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I've been using a beautiful 27" 4K display for the past year, totally forgetting what life was like before that on my 13" MacBook Pro--whose brains I fried with a spilled cup of coffee. So I will definitely take your warnings about trying to work on a small display to heart.

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Participant ,
Apr 23, 2020

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One final question: When you are working on an AE project, do you keep it on your laptop and just plug your laptop into your LG 5K display when you are at home? I'm wondering how to handle the same AE project when I'm alternating between a desktop and a laptop. 

I suppose I could keep the AE project on an external SSD and just plug it into my laptop or desktop, depending on whichever I'm using at the time. But I'm wondering what are the best practices when it comes to this type of situation.

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Adobe Community Professional ,
Apr 23, 2020

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When I need to work remotely I put the source footage for the shot or proxies in a dedicated Dropbox folder. I'm not usually worried about getting all the footage for the project, just the shots I'm going to work on while I am out of the office. I also have a Thunderbolt 2 drive array (TouchDeck Duo) that has 2 1TB SSD's in it that I can carry if I need to work remotely on larger projects. I don't usually collect files and build completely separate folders. Today, for example, when I opened up a project on my MBPro I got a warning that 70 files were missing, but it didn't matter.

Screenshot_2020-04-23 10.25.42_cDxjFj.png

Screenshot_2020-04-23 10.27.11_wYbyEW.png

When I get back to the workstation I can just open up the AEP and work on the other 44 scene comps in this project that use different portions of the seven very long shots I got from the editor because the drive array for the original footage will be connected. I can simply relink any footage that I delete from dropbox so I can work remotely.  Until I am ready to archive a project I keep all the AEP project files in the appropriate client folder in Dropbox so everything is always in sync, no matter what machine I am using or where I am working.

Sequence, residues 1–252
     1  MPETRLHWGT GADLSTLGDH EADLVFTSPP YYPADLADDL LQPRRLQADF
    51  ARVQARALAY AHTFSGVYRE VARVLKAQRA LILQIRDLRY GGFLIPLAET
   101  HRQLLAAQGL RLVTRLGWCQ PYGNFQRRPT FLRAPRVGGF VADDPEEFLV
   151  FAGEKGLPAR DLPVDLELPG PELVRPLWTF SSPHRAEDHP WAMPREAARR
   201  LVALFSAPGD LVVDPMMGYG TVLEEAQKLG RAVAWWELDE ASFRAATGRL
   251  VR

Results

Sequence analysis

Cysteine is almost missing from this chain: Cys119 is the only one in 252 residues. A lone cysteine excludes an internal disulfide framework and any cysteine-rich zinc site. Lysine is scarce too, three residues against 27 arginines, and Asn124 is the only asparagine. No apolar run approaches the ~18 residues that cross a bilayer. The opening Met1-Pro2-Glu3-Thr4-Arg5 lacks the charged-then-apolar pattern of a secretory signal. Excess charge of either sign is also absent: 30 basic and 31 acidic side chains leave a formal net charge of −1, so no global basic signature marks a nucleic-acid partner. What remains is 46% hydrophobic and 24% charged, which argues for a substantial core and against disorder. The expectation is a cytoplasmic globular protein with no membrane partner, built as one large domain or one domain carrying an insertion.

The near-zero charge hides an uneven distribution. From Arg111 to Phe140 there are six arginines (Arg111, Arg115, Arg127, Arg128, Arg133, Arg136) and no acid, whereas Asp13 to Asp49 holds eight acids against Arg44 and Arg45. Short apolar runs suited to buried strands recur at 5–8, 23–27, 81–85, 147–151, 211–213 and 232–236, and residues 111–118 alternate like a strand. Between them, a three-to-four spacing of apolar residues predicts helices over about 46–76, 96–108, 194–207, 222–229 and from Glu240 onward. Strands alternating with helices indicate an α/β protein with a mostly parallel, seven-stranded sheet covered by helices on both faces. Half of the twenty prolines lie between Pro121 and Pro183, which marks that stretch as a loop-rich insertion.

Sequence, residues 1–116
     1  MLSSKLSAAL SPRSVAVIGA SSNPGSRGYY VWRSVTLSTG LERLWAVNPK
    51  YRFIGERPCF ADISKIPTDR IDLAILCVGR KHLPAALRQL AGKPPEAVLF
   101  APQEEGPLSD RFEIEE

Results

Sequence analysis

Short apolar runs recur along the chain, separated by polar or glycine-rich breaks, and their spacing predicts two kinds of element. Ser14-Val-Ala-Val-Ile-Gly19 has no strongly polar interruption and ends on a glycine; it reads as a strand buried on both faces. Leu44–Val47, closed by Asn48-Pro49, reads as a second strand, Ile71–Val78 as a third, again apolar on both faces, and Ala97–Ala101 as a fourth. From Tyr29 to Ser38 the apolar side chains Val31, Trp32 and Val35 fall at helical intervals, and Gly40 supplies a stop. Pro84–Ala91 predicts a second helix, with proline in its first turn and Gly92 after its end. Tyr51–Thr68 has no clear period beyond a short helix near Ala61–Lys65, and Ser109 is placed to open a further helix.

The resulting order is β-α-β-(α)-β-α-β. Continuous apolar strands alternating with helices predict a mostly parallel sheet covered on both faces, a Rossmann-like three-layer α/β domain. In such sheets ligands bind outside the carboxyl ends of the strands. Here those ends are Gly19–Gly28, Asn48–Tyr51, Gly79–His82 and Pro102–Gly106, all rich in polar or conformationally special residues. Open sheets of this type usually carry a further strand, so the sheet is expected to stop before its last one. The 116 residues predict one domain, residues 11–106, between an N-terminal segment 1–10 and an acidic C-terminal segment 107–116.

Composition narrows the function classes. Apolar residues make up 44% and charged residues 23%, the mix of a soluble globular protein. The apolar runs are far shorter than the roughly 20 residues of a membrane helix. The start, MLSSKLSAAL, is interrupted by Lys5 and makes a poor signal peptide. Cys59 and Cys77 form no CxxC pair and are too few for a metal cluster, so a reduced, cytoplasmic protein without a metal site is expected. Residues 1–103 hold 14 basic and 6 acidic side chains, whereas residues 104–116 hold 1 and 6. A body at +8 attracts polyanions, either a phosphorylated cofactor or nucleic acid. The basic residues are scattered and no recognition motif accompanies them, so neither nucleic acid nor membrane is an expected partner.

I also keep all of my custom animation presets in dropbox and link them to the normal animation presets folder (Documents/After Effects (version)/User Presets/Custom Presets) folder using an alias that points to my AE Custom Presets folder in Dropbox. That way I always have access to any preset that I have saved. I only have about 1 Comp out of 100 that doesn't use one of my presets because they save so much time. There are about 20 layers in the nested Scene 3-11 Repair Comp 1 and 18 of them are using animation presets that take a couple of keystrokes and one-click to apply instead of 20 or 30 minutes writing expressions or setting keyframes. 

 

I hope these suggestions help. It takes a long time, and it is a lot of work to set up an efficient workflow, but it is worth it. I can basically work on just about anything from just about anywhere, even somebody else's machine, and have full access to all of my tools if I have a connection to the internet.

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Participant ,
Apr 23, 2020

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Thanks, Rick. That is very helpful!  

Unfortuantely, we live in a rural part of the coast of Oregon. Our DSL isn't that much faster than dial up! (We have only one internet service provider--through our local phone co-op. If we lived 3 miles closer to the highway, we could get Comsat and connection speeds that could make using the Cloud and Dropbox less frustrating.)

But it's very helpful to hear how you do this. I suspect my best option at this point will be to use an external SSD. My projects are nowhere near as complex as yours. My videos are used in college courses, and I find myself spending way more time finding the right images and tweaking them in Photoshop than I do working in AE. Sadly, too much AE magic gets in the way of the information--so I need to strike a balance that makes the videos fun to watch but each image needs to keep their attention and reinforce the information.